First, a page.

Effortless Acceleration:

Fast acceleration is also the result of a car with high power and a strong throttle response. There is no longer a lack of airflow preventing your automobile from performing to its full potential, and improved fuel atomization is the result.

In order to save money on gas,

Fuel savings may be substantial if the AF ratio is adjusted correctly. In addition, a leaner engine uses less gasoline, resulting in better gas economy for you.

Before Adding a Throttle Body, Here Are Some Things to Consider

Because of the advantages listed above, adding a throttle body is strongly recommended. Consider the following considerations before making a final decision.

  • Type of Engine: Consider the sort of engine you have. Throttle bodies are not required for certain engines, such as those with direct injection or diesels.
  • The compatibility of the device with the application: Make sure your vehicles' throttle bodies and engines are compatible. Throttle bodies may not be an option in certain vintage vehicles. As a result, instead of gaining more, you wind up losing more.
  • Your Specifications: Make your objectives very clear. Make a list of your car's power, acceleration, and torque needs. It will assist you in making an informed decision on the throttle body.

Capacity of the Engine Housing:

Analyze how large is big enough if you're trying to increase the size of your throttle body. Is there enough room in your engine block to accommodate a bigger throttle body? Throttle body protrusion necessitates cutting huge vents in the engine compartment, so keep this in mind while installing your new system.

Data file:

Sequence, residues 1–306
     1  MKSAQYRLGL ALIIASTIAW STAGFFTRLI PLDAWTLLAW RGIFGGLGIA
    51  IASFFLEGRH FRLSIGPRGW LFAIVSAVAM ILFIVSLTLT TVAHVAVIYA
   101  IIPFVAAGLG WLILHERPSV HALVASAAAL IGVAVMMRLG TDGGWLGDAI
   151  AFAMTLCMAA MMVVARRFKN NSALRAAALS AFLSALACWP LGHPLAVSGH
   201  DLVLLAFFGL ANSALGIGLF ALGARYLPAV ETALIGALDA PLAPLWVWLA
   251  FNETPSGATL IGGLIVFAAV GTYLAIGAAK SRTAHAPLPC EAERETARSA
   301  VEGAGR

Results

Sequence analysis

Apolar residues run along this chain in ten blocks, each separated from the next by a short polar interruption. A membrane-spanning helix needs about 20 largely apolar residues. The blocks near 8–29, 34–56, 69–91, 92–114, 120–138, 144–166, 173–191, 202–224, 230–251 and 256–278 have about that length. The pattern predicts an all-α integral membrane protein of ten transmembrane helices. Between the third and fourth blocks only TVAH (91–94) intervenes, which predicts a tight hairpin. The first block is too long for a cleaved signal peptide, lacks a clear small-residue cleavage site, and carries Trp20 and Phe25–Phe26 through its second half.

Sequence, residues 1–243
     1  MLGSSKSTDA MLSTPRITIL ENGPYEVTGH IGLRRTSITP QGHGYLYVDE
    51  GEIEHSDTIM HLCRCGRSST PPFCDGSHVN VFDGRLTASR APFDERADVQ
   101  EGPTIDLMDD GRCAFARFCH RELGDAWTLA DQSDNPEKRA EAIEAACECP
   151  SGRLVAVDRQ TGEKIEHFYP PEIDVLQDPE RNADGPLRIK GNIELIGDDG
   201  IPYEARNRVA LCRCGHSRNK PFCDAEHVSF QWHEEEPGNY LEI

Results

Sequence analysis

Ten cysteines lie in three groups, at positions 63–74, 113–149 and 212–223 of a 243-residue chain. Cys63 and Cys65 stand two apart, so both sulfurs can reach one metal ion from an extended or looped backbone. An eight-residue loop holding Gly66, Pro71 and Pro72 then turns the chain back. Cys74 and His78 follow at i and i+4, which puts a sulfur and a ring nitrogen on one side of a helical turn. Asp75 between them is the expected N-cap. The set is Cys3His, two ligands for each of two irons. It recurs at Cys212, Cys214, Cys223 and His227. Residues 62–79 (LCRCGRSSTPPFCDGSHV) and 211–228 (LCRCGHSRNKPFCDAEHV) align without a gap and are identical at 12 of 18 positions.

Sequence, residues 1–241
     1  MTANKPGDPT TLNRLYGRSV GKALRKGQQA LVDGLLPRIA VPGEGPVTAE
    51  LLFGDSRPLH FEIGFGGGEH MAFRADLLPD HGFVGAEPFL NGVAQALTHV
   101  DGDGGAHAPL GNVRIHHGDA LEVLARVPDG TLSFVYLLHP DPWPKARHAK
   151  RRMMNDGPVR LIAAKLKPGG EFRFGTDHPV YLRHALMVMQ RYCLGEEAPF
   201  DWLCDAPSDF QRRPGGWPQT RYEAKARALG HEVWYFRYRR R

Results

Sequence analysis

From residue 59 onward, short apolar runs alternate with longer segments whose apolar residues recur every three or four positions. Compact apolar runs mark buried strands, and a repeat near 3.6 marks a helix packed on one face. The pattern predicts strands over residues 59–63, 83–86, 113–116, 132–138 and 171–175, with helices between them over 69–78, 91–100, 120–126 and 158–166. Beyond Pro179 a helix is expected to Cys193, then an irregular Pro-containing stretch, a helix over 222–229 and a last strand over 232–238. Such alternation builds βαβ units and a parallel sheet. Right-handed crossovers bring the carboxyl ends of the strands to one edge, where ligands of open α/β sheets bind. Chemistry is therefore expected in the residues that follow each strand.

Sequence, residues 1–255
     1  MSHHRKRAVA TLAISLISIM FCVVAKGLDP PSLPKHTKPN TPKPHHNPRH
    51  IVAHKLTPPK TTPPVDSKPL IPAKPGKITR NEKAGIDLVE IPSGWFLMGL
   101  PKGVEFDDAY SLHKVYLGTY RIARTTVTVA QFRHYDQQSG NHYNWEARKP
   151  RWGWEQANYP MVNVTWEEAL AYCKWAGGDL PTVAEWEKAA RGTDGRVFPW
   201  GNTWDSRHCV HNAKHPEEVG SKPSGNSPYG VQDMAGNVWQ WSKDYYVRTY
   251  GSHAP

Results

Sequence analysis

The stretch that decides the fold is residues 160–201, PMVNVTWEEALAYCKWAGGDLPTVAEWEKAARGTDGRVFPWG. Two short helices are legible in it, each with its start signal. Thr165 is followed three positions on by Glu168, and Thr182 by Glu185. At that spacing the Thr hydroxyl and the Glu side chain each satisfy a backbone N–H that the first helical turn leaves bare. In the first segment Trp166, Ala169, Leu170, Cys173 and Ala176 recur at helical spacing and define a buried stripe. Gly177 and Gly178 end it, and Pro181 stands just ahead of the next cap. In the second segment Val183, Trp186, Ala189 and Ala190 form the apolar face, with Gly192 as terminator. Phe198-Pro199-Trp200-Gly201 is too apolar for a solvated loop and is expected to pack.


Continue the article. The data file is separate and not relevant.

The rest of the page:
Restrictions on Flow

Think about the engine's capacity to move air and exhaust; if any of these is hindered, you won't get the most out of your power improvements. Your engine power won't go up if you don't have a large enough exhaust system since you'll need to expel more gas if you've increased air intake.

NASP engine mods

Balancing, blueprinting and a lighter flywheel will free up a fair bit of power allowing you to exploit a higher RPM redline limit. Increasing the compression ratio is also a good way of extracting more power from a NASP engine.

Balancing and blueprinting let you to operate at greater rpm limitations, therefore broadening your power spectrum. Honda is a master at developing engines with a high rpm range and lots of power.

Additionally, increasing the compression ratio of the engine allows for more power to be generated but requires the use of high octane gasoline. This normally entails using higher compression pistons, but it might also include a rebore and stroker kit.

NASP remapping

After you have finished on your internal modifications you should get the engine remapped, typically the timing will be slightly advanced allowing for more power and greater efficiency. An ECU remap will also control the fuelling allowing you to fine tune the engine under WOT full load and partial load conditions.

Timing advancement may also be useful, although caution must be used to prevent pre-ignition. Remaps are beneficial for modern ECU-controlled fuel injection engines because they allow you to fine-tune the fuel delivery and ignition characteristics over a broad variety of load circumstances.

Fuelling may also be uprated for bigger power gains but it is generally harder to tune a NASP engine than a Turbo one as it requires a lot of internal engine work.

NASP Fuelling Upgrades

When you boost the engine's power, you'll also need to increase the fuelling to keep up with the increased air flow. Most typical systems can handle a 20% increase in power, but anything more than that will cause the engine to run lean, necessitating the use of injectors and upgraded fuel pumps.